Mother’s education level was the most consistent predictor across all dietary outcomes. Low education was associated with higher intake of non-core foods and sweetened drinks, and more unhealthy behaviours, as well as lower vegetable intake and less healthy behaviours. Maternal education has been identified as the most consistent predictor of children’s diet, and low maternal education has been associated with poorer dietary intake across a range of dietary outcomes [1, 3, 5, 23, 34, 47]. Higher education may enable individuals to better access, assimilate and put into practice health information [48, 49], and may therefore better equip parents to understand and make use of health and nutrition information. Parents of lower education may have poorer nutrition knowledge [49, 50], and consider health less often when making food choices for themselves and their children [48, 51]. Conversely, parents of higher education may place more importance on healthy eating, which may be related with better nutrition knowledge . Nutrition knowledge and health consideration may be related with healthier dietary intake among mothers and children, and may inform the types of foods parents provide for their family [49, 51, 53, 54].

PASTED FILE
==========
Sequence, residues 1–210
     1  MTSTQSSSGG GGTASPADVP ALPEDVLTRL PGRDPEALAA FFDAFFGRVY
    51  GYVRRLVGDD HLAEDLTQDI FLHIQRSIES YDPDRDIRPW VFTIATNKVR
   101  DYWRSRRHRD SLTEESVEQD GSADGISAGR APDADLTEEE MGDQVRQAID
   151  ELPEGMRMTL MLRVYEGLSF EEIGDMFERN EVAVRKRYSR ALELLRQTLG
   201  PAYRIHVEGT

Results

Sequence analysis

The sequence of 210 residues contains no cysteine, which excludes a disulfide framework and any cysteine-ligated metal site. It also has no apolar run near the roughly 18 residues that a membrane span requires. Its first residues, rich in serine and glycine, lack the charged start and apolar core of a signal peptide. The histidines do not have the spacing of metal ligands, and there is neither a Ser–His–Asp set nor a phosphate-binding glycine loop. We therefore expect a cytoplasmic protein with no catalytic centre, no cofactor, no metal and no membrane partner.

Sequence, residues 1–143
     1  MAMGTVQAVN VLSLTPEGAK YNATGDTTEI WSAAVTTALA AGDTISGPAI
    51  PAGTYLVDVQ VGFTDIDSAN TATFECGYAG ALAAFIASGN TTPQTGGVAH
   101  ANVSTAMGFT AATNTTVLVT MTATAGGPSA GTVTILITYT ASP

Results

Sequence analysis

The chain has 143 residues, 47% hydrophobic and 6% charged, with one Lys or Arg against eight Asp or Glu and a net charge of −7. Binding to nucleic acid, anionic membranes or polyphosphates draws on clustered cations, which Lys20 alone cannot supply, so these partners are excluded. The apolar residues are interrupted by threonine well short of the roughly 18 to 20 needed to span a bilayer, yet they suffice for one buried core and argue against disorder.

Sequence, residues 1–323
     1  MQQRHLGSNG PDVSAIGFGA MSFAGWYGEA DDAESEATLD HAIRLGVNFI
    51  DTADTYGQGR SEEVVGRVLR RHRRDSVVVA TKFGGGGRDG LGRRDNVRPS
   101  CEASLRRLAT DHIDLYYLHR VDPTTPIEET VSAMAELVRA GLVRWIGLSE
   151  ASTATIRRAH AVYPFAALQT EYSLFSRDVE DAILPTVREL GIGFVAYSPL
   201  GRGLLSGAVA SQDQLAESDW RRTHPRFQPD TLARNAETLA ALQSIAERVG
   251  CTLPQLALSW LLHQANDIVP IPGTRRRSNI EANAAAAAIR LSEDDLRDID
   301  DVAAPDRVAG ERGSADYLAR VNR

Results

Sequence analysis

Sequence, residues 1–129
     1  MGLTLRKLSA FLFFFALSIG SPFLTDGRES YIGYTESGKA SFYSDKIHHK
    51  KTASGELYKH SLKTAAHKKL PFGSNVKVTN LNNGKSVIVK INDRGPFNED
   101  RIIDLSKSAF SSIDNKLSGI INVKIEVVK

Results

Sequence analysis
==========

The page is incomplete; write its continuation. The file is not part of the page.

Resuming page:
Findings for the effect of mother’s occupation and employment on children’s dietary intake were mixed. On the one hand, employment in higher status occupations was associated with more fruit intake and less sweetened drink intake, consistent with previous studies [18, 19]. Unexpectedly, boys of mothers in higher status occupations reported less fruit intake and healthy behaviours and more unhealthy behaviours. This was explored further by considering the effect of maternal employment on children’s dietary intake, and we found that employment was associated with dietary intake independently of mother’s occupation. Children of employed mothers were likely to consume more sweetened drinks, fewer fruits and vegetables and engage in less healthy behaviours. Time spent in employment may impact on the time mothers have to engage in activities that can positively influence children’s food intake, such as supervising breakfast consumption, eating family meals and engaging children in food shopping. Time-poor mothers may be more reliant on takeaway meals, contributing to lower consumption of fruit and vegetables . Neumark-Sztainer  reported that adolescents of unemployed mothers consumed family meals more frequently, and this was related to more positive dietary behaviours. Younger children of employed mothers had a higher sweetened drink intake and a lower likelihood of consuming fruits and vegetables as a snack . Sweeting and West  found children of mothers in part-time employment to have a significantly lower risk for unhealthy eating, suggesting these mothers may have an economic advantage over homemakers and a time advantage over mothers who are employed full-time . Occupation determines working conditions such as time spent in employment, flexibility of working arrangements and differential exposure to work place stressors, and these factors may affect children’s dietary intake [24, 25]. Given this, it is likely that a combination of factors related to both occupation and employment influence children’s food intake.